Latest KFF Health News Stories
KFF Health News and California Healthline staffers made the rounds on national and local media this week to discuss their stories. Here’s a collection of their appearances.
Being Black has always been dangerous for pregnant women and infants in the South. And researchers say things are continuing to move in the wrong direction.
Sensing that Republicans are walking into a political minefield by threatening once again to repeal the Affordable Care Act, the Biden administration is looking to capitalize by rolling out a series of initiatives aimed at high drug prices and other consequences of “corporate greed in health care.” Meanwhile, the Supreme Court hears a case that could determine when and how much victims of the opioid crisis can collect from Purdue Pharma, the drug company that lied about how addictive its drug, OxyContin, really was. Alice Miranda Ollstein of Politico, Anna Edney of Bloomberg News, and Rachana Pradhan of KFF Health News join KFF Health News chief Washington correspondent Julie Rovner to discuss these issues and more. Also this week, Rovner interviews Dan Weissmann of KFF Health News’ sister podcast, “An Arm and a Leg,” about his investigation into hospitals suing their patients over unpaid bills.
Los consumidores estadounidenses pagan algunos de los precios más altos del mundo por medicamentos de marca. En Canadá, el gobierno controla los precios.
Recogen de centros de salud, residentes, farmacias o prisiones los medicamentos sin abrir y sin caducar que se acumulan cuando los pacientes son dados de alta, cambian de medicina o mueren, y los redistribuyen a pacientes vulnerables.
Casi la mitad de los pacientes hispanos, los Indio americanos y los nativos de Alaska sienten que no se los respeta.
As open enrollment ends, many people are tuning out. They could wind up with a surprise next year: higher costs and less access to health care providers.
Obamacare had its moment, but not until the faceoff’s final minutes. Front-runner Donald Trump again was not on the debate stage, leaving the other Republican presidential hopefuls to slug it out to break through and gain voters’ attention.
Native American leaders see bison herds and ancestral gardens as ways to bring healthy eating to their people.
Colorado officials say they haven’t been able to stand up a program to import drugs from Canada because of drugmaker opposition — and the Biden administration’s inaction.
More than 2 million people a year have been sent notices that Social Security overpaid them and demanding they repay the money. That’s twice as many as the head of Social Security disclosed at a congressional hearing in October.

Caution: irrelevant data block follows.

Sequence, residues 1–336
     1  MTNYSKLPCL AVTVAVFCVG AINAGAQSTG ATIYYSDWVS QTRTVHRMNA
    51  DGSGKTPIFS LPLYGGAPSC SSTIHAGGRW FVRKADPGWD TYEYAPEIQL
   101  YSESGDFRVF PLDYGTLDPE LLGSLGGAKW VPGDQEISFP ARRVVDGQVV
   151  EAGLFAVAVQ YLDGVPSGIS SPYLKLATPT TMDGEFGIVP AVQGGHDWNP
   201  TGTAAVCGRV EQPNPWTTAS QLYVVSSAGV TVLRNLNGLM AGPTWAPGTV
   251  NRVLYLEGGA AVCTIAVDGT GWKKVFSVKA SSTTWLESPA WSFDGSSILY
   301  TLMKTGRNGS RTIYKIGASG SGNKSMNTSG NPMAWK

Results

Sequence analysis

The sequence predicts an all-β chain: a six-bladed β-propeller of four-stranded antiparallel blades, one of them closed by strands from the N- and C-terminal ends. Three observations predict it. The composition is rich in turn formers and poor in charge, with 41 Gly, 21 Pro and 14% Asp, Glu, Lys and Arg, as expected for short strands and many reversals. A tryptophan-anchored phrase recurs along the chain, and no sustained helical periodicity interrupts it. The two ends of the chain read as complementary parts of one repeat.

Long-term care options in the U.S. are costly, complex, and often inadequate. KFF Health News’ Jordan Rau and Reed Abelson of The New York Times host a Zoom panel to explore the challenges of providing — and affording — care.
KFF Health News gives readers a chance to comment on a recent batch of stories.
Peer-to-peer efforts can meet a clear need among students whose colleges may not make sexual health products accessible or affordable.
The regulatory proposal was announced Nov. 15 and is likely one of the last major ACA policy efforts of the president’s first term.
States and counties look to expand programs that accept donations of unused surplus drugs from places like nursing homes and hospitals and redistribute them to low-income and uninsured residents.
The Supreme Court heard arguments over whether the Sacklers, the family behind Purdue Pharma — which marketed OxyContin — could claim immunity from future lawsuits without claiming bankruptcy.
“Health Minute” brings original health care and health policy reporting from the KFF Health News newsroom to the airwaves each week.
Colorado’s leaders had grand plans to import cheaper medicines from Canada, after the Trump administration issued rules in 2020 allowing states to try it. But officials in Denver say they’ve been stymied by opposition from drugmakers — as well as the Biden administration’s inaction on the policy. That’s according to a Dec. 1 report we […]
The FDA and the manufacturer were alerted to Profemur titanium hips breaking inside U.S. patients as of 2005. It took 15 years to recall the devices. Many fractures could have been avoided.